All about the inspiration behind the art. Acrylic Paintings, Impressionism, Art, Southern, Modern, Contemporary, Coastal, Flowers, Famous Places, New Orleans, Florida, Gulf Coast, Food, Expressionism, Fauve, Cityscapes, Architecture, Decor, Painting, Beach, Tropical, Seascape, Landscape, Still Life Mona Vivar Fine Art: March 2014

Thursday, March 27, 2014

Paint Thick or Go Home

I think many artists (I include myself in this group) frequently tighten up and get stingy with the paint.  It seems to be natural to do so when trying to reach some ideal image.   I finally decided to get bolder with my use of paint and be generous when applying it to the support.
To shake things up a bit (ie, get myself out of old habits) I used a palette knife for my most recent work.  I also put a lot of paint on the palette and on the paintings.  Oils were applied with minimal amounts of liquin or straight out of the tube.  Acrylics where thickened with Golden High Solid Gel Gloss.  Only the most rudimentary guide lines where painted on the canvas so that I would be forced to develop the image by manipulating the paint.  The resulting paintings were much looser, more spontaneous and fresher.
Copyright Mona Vivar, Jackson Square Splendor, 10 inches by 8 inches, oil on panel
Now available on Etsy at Mona Vivar Fine Art
Detail of Jackson Square Splendor

Copyright Mona Vivar, Race Day, 10 inches by 10 inches, acrylic on canvas
Now available on Ebay at Mona Vivar Fine Art

Detail of Race Day

Friday, March 21, 2014

Wall Street Paintings

This week I had the good fortune to paint some special Wall Street art for a financial advisor's new office.  It was fun coming up with modern colorful renditions of famous symbols of that epicenter of the financial world.  So here are my contributions to the workplace.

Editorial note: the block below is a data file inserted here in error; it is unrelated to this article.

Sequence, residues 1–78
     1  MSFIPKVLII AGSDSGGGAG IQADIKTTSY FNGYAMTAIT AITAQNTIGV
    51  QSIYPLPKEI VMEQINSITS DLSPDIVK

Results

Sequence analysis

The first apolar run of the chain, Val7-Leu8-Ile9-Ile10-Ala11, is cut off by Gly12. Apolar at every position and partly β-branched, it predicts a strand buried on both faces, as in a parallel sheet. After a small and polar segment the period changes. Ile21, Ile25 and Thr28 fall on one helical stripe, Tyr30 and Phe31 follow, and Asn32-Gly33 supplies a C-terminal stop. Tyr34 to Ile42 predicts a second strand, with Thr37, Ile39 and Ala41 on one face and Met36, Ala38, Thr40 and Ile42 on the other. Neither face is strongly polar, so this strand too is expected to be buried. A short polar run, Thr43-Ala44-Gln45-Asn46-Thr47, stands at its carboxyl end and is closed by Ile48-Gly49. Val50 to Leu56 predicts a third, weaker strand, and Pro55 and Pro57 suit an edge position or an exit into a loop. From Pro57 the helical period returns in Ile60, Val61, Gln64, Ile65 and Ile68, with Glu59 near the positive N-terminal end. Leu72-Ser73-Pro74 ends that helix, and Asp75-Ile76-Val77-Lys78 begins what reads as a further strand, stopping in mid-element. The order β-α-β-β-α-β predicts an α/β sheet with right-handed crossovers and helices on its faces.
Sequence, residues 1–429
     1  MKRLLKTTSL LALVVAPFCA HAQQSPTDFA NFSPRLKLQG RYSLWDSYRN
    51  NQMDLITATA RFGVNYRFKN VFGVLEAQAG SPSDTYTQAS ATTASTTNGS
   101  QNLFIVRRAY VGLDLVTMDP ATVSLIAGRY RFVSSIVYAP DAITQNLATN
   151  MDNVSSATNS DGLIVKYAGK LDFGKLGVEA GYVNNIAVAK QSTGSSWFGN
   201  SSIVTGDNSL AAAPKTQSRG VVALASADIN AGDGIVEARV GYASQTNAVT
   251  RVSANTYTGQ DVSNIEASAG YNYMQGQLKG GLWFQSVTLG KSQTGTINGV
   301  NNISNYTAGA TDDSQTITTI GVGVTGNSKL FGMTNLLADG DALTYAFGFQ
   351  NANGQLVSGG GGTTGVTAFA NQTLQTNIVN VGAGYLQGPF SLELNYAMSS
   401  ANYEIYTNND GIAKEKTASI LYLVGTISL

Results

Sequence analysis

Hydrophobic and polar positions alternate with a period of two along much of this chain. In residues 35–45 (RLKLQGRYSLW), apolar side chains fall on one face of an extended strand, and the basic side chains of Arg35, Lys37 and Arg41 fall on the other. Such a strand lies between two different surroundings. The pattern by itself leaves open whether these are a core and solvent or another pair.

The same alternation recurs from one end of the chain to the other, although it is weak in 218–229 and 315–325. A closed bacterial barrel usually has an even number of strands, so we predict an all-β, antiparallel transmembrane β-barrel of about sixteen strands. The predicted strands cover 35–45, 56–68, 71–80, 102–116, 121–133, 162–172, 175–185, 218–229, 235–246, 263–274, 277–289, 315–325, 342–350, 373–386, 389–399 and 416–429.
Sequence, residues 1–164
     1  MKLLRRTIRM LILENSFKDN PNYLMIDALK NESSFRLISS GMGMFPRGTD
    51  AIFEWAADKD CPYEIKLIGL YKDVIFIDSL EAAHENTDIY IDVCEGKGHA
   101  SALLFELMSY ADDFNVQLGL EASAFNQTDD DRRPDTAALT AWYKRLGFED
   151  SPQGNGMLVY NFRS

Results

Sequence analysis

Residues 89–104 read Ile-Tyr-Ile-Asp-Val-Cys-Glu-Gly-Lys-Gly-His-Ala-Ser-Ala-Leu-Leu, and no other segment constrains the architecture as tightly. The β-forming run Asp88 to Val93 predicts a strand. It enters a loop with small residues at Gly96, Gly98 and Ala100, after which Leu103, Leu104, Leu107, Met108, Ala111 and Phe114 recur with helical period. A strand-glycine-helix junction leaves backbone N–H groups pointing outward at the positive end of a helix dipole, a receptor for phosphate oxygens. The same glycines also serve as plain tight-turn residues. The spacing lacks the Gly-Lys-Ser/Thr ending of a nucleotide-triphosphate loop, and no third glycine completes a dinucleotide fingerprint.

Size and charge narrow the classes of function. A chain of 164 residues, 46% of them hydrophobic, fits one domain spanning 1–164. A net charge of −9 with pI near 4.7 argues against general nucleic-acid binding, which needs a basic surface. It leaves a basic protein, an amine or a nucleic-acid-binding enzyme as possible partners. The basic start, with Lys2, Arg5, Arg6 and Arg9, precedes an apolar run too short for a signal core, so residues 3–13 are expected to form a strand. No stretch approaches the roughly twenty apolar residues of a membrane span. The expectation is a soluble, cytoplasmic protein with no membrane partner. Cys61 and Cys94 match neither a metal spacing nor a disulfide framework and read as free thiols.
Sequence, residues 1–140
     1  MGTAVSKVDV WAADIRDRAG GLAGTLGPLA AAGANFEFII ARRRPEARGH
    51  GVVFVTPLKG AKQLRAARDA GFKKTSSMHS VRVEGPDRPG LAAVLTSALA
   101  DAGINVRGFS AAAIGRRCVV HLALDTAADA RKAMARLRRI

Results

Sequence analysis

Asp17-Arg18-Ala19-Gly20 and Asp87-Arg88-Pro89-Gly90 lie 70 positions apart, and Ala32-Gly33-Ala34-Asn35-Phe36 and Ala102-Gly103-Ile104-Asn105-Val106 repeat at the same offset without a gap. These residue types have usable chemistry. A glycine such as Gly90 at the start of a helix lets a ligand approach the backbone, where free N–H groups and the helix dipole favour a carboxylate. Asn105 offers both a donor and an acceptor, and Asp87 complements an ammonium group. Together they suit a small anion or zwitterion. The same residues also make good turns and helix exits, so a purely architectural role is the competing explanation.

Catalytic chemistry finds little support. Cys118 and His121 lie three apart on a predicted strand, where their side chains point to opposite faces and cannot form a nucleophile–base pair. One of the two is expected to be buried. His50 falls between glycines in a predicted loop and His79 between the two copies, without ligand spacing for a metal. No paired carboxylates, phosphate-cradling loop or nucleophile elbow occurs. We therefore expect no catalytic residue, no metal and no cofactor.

Copyright Mona Vivar, Bullish, 24 inches by 36 inches, acrylic on canvas
Private Collection

Copyright Mona Vivar, NY Stock Exchange, 16 inches by 12 inches, acrylic on canvas
Private Collection
Need something special for your workplace or home?  I am always happy to do commissions!  

Friday, March 14, 2014

Impressionist Techniques: Brown Pelican

This week I decided to create an oil painting of a brown pelican using impressionist techniques.  Here's my limited palette:  titanium white, cadmium yellow medium, lemon yellow, cadmium orange, cadmium red light, alizarin crimson, ultramarine blue and phthalo blue.  These colors are sure bets for creating harmonious color.  I used small amounts of Liquin for thinning the paint when necessary.  The brown mixtures you see are combinations of white, cadmium orange, alizarin crimson and ultramarine blue.
I sketch the pelican using a very thin mix of ultramarine blue and alizarin crimson.  The canvas was a rejected thin acrylic painting.  Oil can safely be used on acrylics.  No need to waste a perfectly good surface.
I then applied paint to the pelican using the variety of rich browns and greys mixed in the beginning.  I added pure cadmium and lemon yellow for the head.   I haven't worked the background at this point.  I used thick paint for an impasto effect throughout this demonstration.

I worked the background using combinations of white, ultramarine blue, and cadmium orange.  I also used a variety of directions in my brushstrokes to add more interest to the overall look of the painting.